Generalization fail. Either you definition of algorithm is so broad as to be vacuous,

Point taken, but what if I do this: algorithm heuristic?
posted by orthogonality at 12:48 AM on April 16, 2010 [1 favorite]


So the canals of Mars were a huge alien AI using waterclock technology, right? Right?
posted by alasdair at 1:25 AM on April 16, 2010


It's amazing, I was considering writing something about DF for the column and here comes Metafilter with an example almost tailor made for it!

Once again I find the desire to play Dwarf Fortress building inside me. But every time I have loaded the game I stare at the screen for a while in bewilderment, press some buttons, stare for a while, and then go take a nap.

I know the game fairly well, although a few things still elude me like getting down forging all the different metals. Maybe what we should do is have some sort of Metafilter Dwarf Fortress support group? Eventually we might be able to run the kind of succession game Something Awful does from time to time....
posted by JHarris at 1:33 AM on April 16, 2010 [1 favorite]


Man, universal Turing machines are everywhere. It's almost like they're universal.
posted by painquale at 1:43 AM on April 16, 2010


You could presumably completely simulate the behaviors of consciousness, but whether that simulation would result in actual experiences is an unanswerable metaphysical question for the conceivable future.
posted by Pyry at 1:54 AM on April 16, 2010


... whether that simulation would result in actual experiences is an unanswerable metaphysical question for the conceivable future.

I'm not even sure my behaviors indicate actual experiences.
posted by edguardo at 2:02 AM on April 16, 2010 [4 favorites]


More evidence, if any were needed, that Dwarf Fortress is the thing most likely to create SkyNet by accident. When humankind is long dead, all that will be left is an infinite swarm of tiny virtual dwarves, digging and drinking and falling in love and farming mushrooms and manning the pumps of their giant, magma-powered computers.
posted by him at 2:26 AM on April 16, 2010 [1 favorite]


Perhaps by then Dwarf Fortress may have an intuitively comprehensible UI.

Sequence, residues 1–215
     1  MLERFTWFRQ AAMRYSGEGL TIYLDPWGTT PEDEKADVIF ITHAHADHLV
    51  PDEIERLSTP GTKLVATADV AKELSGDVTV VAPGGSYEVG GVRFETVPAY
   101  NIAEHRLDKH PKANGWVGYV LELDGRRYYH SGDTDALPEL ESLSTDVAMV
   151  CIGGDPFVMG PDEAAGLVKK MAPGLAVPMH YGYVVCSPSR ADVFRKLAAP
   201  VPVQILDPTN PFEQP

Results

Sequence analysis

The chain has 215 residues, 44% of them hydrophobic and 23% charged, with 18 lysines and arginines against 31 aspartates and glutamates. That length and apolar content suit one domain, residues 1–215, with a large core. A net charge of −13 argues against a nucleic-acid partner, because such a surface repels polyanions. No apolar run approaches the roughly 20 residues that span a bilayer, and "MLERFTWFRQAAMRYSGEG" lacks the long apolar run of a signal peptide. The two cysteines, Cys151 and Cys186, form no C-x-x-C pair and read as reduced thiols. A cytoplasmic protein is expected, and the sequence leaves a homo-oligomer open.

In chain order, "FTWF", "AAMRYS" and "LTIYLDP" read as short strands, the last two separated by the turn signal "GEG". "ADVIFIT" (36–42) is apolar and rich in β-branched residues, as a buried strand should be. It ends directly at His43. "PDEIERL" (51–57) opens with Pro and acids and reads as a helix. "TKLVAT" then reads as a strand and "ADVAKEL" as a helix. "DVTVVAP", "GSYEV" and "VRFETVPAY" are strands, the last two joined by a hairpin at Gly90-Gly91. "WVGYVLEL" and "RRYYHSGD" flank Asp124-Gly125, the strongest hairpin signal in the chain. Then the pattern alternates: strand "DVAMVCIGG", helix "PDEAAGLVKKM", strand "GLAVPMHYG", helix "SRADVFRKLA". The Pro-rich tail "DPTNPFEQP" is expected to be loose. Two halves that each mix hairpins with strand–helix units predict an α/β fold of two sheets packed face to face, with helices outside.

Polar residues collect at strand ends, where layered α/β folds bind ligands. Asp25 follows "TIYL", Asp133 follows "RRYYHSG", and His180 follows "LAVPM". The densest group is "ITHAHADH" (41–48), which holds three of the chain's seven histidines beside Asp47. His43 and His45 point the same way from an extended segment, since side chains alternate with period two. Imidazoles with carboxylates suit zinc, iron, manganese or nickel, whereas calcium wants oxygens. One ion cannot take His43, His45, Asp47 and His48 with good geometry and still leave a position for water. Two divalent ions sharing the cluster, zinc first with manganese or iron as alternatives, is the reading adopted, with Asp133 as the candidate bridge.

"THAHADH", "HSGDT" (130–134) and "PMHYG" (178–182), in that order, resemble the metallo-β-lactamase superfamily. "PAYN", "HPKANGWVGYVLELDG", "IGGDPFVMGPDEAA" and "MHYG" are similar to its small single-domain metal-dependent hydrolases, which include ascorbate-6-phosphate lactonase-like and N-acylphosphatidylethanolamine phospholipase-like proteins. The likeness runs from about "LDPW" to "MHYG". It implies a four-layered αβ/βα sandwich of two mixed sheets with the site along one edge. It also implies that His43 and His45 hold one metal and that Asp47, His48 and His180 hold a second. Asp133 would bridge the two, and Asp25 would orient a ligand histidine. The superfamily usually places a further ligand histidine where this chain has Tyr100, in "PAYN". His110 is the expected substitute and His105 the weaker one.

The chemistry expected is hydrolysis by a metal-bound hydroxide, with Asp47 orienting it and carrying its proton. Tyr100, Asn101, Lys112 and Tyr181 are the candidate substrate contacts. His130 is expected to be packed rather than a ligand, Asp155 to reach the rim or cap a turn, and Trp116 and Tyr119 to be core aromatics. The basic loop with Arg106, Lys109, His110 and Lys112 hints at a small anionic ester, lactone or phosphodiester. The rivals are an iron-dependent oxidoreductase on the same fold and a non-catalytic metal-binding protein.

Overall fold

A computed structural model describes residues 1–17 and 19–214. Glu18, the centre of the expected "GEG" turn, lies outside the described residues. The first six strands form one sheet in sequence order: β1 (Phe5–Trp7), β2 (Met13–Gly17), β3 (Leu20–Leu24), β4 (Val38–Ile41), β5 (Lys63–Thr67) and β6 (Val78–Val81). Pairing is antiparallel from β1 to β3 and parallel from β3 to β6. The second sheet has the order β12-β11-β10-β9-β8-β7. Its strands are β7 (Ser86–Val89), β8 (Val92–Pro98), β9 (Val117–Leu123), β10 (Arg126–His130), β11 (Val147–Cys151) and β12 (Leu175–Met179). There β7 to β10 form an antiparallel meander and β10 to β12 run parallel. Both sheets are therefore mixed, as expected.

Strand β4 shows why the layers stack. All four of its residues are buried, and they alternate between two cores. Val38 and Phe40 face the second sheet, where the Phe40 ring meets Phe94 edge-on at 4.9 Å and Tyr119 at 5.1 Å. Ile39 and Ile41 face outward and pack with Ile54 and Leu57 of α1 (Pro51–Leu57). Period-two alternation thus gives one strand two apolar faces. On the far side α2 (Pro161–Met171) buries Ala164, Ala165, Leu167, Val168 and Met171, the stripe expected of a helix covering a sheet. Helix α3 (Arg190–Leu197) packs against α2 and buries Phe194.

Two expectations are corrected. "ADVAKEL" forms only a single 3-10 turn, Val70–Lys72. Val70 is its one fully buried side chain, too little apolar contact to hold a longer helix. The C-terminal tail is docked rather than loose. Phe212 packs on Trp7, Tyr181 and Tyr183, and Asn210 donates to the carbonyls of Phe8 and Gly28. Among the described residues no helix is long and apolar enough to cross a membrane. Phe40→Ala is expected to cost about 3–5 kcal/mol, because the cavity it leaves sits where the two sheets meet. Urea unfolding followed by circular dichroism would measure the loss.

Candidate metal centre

Graphics are probably too much to ask, though.
posted by aeschenkarnos at 2:38 AM on April 16, 2010


Dwarf Fortress doesn't want a comprehensible UI – that would make it too easy for the humans to interfere. Actually displaying the data on-screen is just a temporary compromise until the game achieves consciousness and shuts us out.
posted by him at 2:56 AM on April 16, 2010 [2 favorites]


CRITICAL LEVERDWARF ERROR
Notepad.exe has performed the illegal operation [DWARF Ex02343 ASSIGNED TO CALCULATION LEVER 00000023] [MURDERED BY GOBLIN].
Please reinforce defensive fortifications and reboot.
[ OK ]

posted by EndsOfInvention at 3:22 AM on April 16, 2010 [21 favorites]


him: Dwarf Fortress is the thing most likely to create SkyNet by accident

That would be a stroke of luck. Instead of instinctively murdering all humans, SkyNet would just hollow out a mountain and want to be left alone to build elaborate crafts.
posted by Kattullus at 4:07 AM on April 16, 2010 [2 favorites]


edguardo: I don't like that comic, because the person running the program wouldn't be able to know what the program is actually doing unless he also had perfect recall and a much-larger-than-human active memory. The processor does not know what the computer is doing. :\
posted by cthuljew at 4:25 AM on April 16, 2010


Graphics are probably too much to ask, though.

Once again, I do the Internet's work for it.
posted by absalom at 4:58 AM on April 16, 2010


Metafilter: your thoughts have to be ticked out one at a time by a little dwarf pulling a lever.
posted by Casimir at 5:00 AM on April 16, 2010


That minesweeper link is pretty awesome too. And the Petzold book looks fun.
posted by DU at 5:39 AM on April 16, 2010


Oh and the videos are also gold.
posted by DU at 5:42 AM on April 16, 2010


SOMETHING gets tickled out by a little dwarf pulling a lever.
posted by seanmpuckett at 5:49 AM on April 16, 2010